sigh...

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RabidCat

I haven't heard that the laser wouldn't be possible without quantum mechanics but modern electronics including the computer would be. There are many different schools of thought and various theories concerning the true nature of reality and the beginnings of the universe but I find this healthy and as it should be and I trust in the scientific method to sort it all out as more data is gained. Einstein worked for years trying to discredit QM and failed. That to me is a testament to it's validity, as is the fact that it is the most successfully experimentally confirmed theory in history.

Ah, yes,more of the propaganda about qm. I've read that the transistor developed by Schockley et al would not have been possible without the sputtering developed by a couple of particle physicists back in the mid-1930s. Among other nonsense. Just for information about things like that, I have in my posession two reprint manuals, the 1872 Wagner Chemistry Manual and the 1907 Handbook of Experimental Physics. Both those books show laboratory methods of sputtering just about anything that can be sputtered, assuming you know what sputtering is. Further into that little myth, the first transistor was demonstrated at the Chicago World Fair in ~1930 - a fact most people either won't state or don't know. More, germanium diodes were in widespread use in the early 1900s, well before the Copenhagen papers on qm. As a further disproof, Schockley's transistor, as demonstrated, was nothing more than a piece of galena with some gold leaf contacts. You're welcome to look that up, but for your own sake, find it somewhere other than wikipedia, which is useless except to find real reference material, sometimes. Having spent much of my life in electronics engineering, including working with intel, Fairchild, Chips, AMD and others, I can assure you that there isn't a single one of those companies that placed faith in qm in order to do their development. The fellows that left Schockley's labs to form Fairchild (considered the great granddaddy of integrated circuits, since they produced the first viable ICs) weren't in the least concerned about qm, and were too busy doing real work to bother with it.

The awestruck writers of qm seem to thrive on putting words into people's mouths, so I suggest you never listen to those writers except for entertainment. Those writers neither know particle physics, nor do they understand it.

Einstein didn't really "work" for years to discredit qm, since qm utilizes Einstein's theories to the point of weariness, what with their relativistic approachs, time dilation/contraction and all the rest of that crap. What he did state on several occasions was that he considered qm a "silly" pursuit, and considering the gyrations used to "prove" things, I'd be forced to agree. Even such stuff as the fundamental Bell test has major flaws, specifically that it belongs to the tester to determine the statistical probability of his theoretical stuff, whatever that might be. Frankly, if any engineer designed anything the same way, he/she wouldn't be an engineer very long, more likely flipping burgers at McDonald's. You design something electronic, you damned well better know almost exactly what it's going to do, all of it, or you and your company just bought a pile of carbonized parts. There are, of course, times when things happen unforeseen, but those things are many times better explained by something other than qm, since those many times qm simply ignores that sort of thing since the qm people can't explain them. And yes, I can provide examples.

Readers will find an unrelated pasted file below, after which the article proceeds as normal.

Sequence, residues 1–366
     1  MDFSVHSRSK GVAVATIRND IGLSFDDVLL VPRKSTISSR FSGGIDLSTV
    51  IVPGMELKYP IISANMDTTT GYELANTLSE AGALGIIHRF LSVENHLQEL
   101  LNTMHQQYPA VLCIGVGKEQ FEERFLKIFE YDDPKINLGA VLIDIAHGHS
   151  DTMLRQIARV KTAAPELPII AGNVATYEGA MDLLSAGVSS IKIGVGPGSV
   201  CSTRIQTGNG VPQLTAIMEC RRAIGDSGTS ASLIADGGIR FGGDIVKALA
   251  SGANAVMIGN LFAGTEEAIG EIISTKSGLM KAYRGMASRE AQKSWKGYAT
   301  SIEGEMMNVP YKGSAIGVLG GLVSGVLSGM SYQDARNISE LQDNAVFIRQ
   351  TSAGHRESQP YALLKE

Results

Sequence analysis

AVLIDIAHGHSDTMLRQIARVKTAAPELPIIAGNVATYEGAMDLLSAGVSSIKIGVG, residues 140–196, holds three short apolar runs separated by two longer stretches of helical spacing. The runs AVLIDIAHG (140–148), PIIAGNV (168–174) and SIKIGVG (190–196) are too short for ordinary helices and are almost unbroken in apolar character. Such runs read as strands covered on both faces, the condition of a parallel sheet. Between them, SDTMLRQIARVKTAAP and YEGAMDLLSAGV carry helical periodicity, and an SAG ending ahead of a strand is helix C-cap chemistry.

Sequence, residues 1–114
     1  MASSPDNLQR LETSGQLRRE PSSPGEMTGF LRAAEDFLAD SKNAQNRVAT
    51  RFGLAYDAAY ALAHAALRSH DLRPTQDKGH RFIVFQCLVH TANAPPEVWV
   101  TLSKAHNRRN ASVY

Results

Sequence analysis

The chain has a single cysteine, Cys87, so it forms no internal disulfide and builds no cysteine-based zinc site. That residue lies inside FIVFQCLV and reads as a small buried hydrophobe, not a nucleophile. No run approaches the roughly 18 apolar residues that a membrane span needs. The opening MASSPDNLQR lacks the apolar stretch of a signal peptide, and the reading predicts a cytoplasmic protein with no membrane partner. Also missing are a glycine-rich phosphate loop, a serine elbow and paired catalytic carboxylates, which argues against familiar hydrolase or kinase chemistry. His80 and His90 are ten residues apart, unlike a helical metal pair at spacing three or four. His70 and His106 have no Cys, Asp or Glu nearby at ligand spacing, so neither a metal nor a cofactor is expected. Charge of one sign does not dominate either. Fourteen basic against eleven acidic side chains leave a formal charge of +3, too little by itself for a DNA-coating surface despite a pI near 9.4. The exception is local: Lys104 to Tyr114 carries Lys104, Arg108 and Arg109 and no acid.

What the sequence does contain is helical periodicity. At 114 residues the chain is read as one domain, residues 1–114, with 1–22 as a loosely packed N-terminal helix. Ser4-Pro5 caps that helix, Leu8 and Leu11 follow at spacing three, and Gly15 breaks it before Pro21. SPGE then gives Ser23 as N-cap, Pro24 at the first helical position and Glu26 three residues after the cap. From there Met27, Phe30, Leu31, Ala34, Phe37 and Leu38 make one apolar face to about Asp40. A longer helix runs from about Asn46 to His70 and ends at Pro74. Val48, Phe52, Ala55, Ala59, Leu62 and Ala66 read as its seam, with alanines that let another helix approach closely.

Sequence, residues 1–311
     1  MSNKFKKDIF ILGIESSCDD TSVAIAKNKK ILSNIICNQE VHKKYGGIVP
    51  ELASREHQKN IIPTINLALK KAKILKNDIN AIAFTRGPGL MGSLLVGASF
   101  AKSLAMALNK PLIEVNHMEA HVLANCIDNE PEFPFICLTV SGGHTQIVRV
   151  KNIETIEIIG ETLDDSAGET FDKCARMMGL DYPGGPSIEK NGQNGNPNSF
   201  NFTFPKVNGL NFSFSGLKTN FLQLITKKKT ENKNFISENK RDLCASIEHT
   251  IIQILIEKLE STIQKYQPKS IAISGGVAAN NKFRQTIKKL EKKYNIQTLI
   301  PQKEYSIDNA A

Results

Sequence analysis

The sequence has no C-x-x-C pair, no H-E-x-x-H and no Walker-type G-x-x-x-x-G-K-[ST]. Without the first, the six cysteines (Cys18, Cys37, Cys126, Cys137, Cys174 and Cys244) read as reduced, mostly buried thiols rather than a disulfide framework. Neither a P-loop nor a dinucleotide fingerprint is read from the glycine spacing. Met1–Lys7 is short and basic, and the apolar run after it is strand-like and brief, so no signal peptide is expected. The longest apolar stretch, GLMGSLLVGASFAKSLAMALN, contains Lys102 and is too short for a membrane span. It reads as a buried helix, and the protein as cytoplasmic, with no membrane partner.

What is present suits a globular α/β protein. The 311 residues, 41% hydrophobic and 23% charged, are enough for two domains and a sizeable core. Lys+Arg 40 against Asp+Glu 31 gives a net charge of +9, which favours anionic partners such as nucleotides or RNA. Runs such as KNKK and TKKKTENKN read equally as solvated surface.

As to the other you mentioned, I don't give much of a rat's ass how the universe started, if in fact it did have a beginning, which I doubt. I have no problem with the concept of a universe that has always been and always will be, nor do I have any problem with an infinite universe. I do have a problem with people telling me that initially the universe was an infinitesmally small point of condensed matter than somehow exploded, and yea, verily, came about the universe as we know it. That strikes me the same way it struck Hubbell in one of his last communiques, which qm has changed so that Hubbell claimed to prove the red shift was due to the big bang. What Hubbell actually said was that in his opinion, there was no big bang, and the universe is infinite, and the red shift is due to something other than an expanding universe. I can find the quote if you wish, but what's been done is that qm writers claim something that is simply untrue.

So long as there are egos and money involved, the effectiveness of the revered scientific method is limited. While it is true that it can be effective, it is not now so. I can relate stories of building stuff that defies the so-called "laws" of physics, having those devices instrumented by well qualified engineers and scientists, and then having those same witnesses tell me the stuff didn't really work. In other words, if it goes against the current paradigm, it cannot be, even though that paradigm is filled with contradictions itself.

You see, my reputation was that of a troubleshooter who could make things work, albeit somewhat unorthodox. And that, sir, is why I never wanted for contract work. It is also why I refused, for all those years, to prostitute myself in favor of some company profit nonsense. And there are stories about that, too.

As stated, I will not attempt to convince anyone of anything, other than to actually learn about something and then make his/her own decision as to the validity thereof. To do otherwise makes no sense. And I will guarantee that there have been many times I've discovered phenomena that have rattled my own scientific foundations, something which is no fun at all, but does come with the territory. My problem is with the ones who know everything is as stated. 'Cause it's not.